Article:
The convicted operator of Macau’s ‘name and shame’ website of gambling debtors has lost his appeal of his prison sentence for violating data protection laws.
On Thursday, Portuguese-language media outlet Ponto Final Macau reported that Macau’s Court of First Instance had rejected an appeal by Charlie Choi Kei Ian, who’d been sentenced to six months in prison for failing to remove the personal data of some 500 alleged gambling deadbeats from the ‘Wonderful World’ website.
According to the report, the Court rejected Choi’s appeal on July 12, but the information has only now been made public. Choi (pictured) confirmed to Ponto Final that, after consulting with counsel, he’d determined that there was “no remedy but to accept” the sentence.
Choi had long maintained that, while he was chairman of Wonderful World Group Ltd, neither he nor the company of that name had any connection with the debtor website. But two witnesses at Choi’s trial claimed otherwise, and Choi himself appeared to contradict his denials in contemporary media reports.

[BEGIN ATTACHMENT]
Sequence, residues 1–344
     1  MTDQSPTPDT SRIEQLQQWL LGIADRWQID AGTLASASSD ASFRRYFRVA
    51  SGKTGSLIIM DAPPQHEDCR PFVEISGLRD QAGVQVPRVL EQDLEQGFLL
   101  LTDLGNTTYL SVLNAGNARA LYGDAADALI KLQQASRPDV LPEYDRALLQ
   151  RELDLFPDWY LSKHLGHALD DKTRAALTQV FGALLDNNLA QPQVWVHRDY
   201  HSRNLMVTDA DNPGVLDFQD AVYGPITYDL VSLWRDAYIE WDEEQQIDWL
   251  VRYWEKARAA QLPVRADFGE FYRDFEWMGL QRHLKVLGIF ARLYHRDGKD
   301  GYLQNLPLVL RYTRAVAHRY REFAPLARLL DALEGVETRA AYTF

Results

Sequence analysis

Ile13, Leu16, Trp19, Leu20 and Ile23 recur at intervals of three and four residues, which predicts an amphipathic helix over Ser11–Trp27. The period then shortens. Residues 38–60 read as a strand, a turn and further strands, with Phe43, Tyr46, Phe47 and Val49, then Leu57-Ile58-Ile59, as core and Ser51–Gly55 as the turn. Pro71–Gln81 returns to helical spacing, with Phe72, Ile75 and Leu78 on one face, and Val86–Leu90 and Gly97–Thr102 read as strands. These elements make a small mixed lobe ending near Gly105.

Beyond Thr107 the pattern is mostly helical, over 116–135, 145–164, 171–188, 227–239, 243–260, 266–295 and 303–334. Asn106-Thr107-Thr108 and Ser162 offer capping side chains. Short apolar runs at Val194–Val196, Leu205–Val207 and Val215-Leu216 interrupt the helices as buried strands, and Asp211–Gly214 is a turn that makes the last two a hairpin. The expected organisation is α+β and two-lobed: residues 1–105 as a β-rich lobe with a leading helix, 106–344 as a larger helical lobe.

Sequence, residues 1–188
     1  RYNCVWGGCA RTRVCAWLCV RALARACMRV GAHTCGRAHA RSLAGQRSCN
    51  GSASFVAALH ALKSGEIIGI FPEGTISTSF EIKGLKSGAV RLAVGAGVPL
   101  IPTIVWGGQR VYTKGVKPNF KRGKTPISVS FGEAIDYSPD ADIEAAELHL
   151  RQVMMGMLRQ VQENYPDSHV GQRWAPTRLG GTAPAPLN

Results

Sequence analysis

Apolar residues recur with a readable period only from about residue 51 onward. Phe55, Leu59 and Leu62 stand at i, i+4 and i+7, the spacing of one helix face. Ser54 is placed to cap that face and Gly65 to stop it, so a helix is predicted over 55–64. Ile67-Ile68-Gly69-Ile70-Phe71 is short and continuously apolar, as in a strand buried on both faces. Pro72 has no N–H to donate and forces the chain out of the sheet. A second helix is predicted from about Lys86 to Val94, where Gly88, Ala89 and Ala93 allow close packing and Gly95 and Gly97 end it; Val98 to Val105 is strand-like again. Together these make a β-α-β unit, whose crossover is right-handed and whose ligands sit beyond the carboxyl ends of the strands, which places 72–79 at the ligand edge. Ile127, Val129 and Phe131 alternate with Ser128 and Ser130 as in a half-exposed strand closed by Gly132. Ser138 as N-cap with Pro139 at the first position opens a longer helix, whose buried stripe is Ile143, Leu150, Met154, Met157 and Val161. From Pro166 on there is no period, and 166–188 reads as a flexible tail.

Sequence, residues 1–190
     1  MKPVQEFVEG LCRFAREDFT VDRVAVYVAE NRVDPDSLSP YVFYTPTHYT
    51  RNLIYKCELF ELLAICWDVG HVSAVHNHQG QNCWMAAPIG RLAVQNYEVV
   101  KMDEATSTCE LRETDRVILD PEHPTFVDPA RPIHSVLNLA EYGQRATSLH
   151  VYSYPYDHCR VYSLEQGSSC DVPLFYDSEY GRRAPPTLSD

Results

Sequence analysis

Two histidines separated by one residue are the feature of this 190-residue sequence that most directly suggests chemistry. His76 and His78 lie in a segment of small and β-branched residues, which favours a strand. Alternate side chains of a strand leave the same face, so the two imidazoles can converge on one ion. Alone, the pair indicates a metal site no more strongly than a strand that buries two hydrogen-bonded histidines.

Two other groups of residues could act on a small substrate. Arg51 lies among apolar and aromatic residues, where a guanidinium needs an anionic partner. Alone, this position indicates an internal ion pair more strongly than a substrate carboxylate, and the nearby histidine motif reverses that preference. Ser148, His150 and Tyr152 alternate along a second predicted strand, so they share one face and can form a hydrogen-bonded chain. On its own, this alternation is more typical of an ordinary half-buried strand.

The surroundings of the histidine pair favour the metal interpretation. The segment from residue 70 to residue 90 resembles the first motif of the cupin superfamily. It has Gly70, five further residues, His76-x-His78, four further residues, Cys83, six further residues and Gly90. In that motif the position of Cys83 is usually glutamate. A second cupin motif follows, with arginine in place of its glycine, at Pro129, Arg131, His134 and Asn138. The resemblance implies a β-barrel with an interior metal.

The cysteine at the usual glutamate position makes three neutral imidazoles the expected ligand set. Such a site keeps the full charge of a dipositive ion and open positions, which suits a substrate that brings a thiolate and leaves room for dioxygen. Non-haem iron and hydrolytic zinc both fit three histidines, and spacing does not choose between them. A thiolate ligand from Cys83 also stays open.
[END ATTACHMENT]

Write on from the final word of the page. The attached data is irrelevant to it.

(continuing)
The website appeared in 2013, displaying names, photos and other personal info of the gamblers, including the amounts they owed to the junket operators who’d fronted them credit to gamble in Macau casino VIP rooms. Controversially, the website claimed to offer ‘bounties’ to anyone whose actions led to collection of these gambling debts.
The website’s rise coincided with a sharp downturn in Macau’s VIP gambling sector sparked by Beijing’s crackdown on corruption, which in turn led to junkets sitting on mountains of uncollectable debts.
Choi is the head of the Macau Gaming Information Association, which represents some junket operators, while other junkets belong to the Macau Association of Gaming and Entertainment Promoters.
For years, both junket groups have been pressing Macau regulators to loosen the special administrative region’s notoriously strict data protection rules in order to create a blacklist of bad debtors. But the government has so far failed to budge.
However, Macau recently announced plans to create a password-protected online database of individuals forbidden from setting foot on casino gaming floors, which could signal a newfound willingness to grant junkets their long-desired blacklist.